An investigation by the BBC has revealed that councils are spending million buying back homes they sold at a discount under Right To Buy legislation.
Using Freedom of Information requests the BBC has discovered that Islington council has spent more than £6.2m buying back homes it sold for less than £1.3m.
One property in Islington was sold to a tenant for £17,600 in 2004 at a discount of £26,400, and was bought back by the authority for £176,750 some 11 years later.
Right To Buy was introduced by Margaret Thatcher’s Conservatives in the 1980s, allowing council house tenants to buy their homes at a discount.
In its analysis, BBC News looked at local authority areas where waiting lists rose for four consecutive years since 2011 and chose 10 at random.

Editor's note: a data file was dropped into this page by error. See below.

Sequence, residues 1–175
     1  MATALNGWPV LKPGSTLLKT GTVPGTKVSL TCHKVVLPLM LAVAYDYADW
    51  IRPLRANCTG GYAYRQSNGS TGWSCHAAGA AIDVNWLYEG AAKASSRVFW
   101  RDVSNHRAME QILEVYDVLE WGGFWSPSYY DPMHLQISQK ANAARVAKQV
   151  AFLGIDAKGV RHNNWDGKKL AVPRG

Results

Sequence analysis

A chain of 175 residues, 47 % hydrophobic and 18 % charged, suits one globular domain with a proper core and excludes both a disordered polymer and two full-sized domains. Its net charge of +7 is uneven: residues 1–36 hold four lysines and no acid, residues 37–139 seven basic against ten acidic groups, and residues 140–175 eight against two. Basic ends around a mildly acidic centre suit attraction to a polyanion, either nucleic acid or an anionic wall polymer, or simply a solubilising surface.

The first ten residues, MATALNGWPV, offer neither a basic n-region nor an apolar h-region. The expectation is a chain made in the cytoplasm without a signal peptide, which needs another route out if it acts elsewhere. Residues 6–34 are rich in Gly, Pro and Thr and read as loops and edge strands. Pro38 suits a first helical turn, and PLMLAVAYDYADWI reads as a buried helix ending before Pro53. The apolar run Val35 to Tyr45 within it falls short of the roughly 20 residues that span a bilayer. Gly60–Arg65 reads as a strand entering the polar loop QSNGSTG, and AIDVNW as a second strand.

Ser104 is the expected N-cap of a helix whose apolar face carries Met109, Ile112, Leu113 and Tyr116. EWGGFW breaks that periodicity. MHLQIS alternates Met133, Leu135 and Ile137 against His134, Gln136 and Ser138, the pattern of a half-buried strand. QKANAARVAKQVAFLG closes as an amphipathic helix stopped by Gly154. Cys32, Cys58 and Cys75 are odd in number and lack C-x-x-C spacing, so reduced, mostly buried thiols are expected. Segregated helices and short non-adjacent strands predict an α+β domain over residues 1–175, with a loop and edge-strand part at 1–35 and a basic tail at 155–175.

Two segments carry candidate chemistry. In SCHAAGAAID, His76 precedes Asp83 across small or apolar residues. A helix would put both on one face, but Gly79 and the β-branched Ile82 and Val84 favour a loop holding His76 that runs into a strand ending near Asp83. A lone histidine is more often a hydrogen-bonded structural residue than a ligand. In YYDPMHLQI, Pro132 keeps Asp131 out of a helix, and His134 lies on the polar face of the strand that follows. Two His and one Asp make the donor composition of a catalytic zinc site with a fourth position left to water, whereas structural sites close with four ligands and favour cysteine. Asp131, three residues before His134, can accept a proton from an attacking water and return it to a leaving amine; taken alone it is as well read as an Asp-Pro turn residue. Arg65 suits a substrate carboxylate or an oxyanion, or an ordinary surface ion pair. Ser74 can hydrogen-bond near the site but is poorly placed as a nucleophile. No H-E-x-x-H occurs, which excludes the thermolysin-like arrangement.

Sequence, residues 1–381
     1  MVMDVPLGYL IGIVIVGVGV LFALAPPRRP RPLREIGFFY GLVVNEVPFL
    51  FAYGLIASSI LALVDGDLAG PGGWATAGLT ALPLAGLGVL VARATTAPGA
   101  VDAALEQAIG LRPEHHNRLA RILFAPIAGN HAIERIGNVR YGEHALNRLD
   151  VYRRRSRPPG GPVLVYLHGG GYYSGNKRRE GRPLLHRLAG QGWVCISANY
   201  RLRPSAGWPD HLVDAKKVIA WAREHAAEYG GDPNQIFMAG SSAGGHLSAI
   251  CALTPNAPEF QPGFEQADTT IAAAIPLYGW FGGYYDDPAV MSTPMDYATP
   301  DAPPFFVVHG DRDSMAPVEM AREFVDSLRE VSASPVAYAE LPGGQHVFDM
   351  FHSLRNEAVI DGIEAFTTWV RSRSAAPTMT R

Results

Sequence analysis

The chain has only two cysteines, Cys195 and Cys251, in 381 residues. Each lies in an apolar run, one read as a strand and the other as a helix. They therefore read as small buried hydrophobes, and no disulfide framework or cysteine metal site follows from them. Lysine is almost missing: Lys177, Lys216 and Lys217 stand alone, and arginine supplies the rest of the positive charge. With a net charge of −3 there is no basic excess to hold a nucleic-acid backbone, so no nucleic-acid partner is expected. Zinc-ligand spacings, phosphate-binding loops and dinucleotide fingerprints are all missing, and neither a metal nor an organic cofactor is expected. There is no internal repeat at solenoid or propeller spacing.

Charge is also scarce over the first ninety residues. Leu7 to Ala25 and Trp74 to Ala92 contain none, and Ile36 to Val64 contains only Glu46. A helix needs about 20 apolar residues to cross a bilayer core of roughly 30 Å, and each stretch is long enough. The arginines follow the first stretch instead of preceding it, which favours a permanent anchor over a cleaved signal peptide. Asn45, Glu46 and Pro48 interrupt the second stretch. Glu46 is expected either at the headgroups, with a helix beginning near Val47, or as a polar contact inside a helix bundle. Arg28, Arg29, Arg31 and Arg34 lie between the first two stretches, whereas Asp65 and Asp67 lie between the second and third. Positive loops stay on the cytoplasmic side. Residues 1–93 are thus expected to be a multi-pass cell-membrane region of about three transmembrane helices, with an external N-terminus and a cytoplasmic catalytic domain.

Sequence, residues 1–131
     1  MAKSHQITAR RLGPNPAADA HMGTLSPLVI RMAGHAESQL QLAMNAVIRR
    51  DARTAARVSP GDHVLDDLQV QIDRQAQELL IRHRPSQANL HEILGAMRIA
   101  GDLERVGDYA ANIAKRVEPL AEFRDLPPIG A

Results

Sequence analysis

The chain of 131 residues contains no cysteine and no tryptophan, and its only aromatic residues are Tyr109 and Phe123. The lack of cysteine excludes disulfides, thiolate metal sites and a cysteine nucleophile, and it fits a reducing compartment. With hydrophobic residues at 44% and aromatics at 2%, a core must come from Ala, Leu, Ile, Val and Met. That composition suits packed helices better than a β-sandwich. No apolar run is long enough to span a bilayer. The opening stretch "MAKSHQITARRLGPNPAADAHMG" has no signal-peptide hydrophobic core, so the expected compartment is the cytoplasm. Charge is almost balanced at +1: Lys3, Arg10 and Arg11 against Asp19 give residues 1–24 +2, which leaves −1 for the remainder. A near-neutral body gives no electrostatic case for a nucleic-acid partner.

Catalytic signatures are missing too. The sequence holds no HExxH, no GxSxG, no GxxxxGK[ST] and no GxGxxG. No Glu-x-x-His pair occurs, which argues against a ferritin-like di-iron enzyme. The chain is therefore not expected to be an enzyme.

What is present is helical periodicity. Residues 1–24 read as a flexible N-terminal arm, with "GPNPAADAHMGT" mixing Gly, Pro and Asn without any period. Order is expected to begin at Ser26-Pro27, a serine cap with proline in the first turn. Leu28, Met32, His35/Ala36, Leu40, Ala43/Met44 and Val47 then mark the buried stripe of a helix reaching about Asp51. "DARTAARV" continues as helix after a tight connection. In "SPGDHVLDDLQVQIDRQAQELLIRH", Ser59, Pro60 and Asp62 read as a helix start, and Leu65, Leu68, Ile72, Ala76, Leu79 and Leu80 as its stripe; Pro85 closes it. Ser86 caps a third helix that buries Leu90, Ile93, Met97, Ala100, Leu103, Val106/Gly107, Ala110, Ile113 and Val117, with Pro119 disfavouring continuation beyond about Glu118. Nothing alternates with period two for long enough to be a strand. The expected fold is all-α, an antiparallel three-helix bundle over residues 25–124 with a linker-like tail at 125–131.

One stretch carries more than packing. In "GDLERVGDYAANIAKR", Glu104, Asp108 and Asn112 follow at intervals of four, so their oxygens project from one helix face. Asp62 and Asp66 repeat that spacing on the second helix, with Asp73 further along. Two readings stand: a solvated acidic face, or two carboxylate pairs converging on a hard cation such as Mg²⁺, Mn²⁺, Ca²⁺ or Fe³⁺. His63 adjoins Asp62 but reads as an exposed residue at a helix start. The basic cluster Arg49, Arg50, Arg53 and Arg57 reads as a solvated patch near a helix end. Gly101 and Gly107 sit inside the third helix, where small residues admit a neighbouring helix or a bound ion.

The corporation discovered that Islington has in the past two years re-purchased 25 homes sold between 1989 and 2005, while Wakefield council spent more than £2.5m on 35 homes it sold for more than £981,000.
The London borough of Camden bought back 29 homes for more than £2.5m, 11 of which had been sold originally for about £335,000.
Cornwall spent nearly £438,000 on four properties it originally built and sold, while Oldham spent £60,000 on two flats it sold for £27,260 but also spent £100,000 refurbishing them for re-use as council homes.
The BBC investigation also says that Birmingham council agreed in its budget to buy back Right To Buy homes when they became available - up to 200 in total.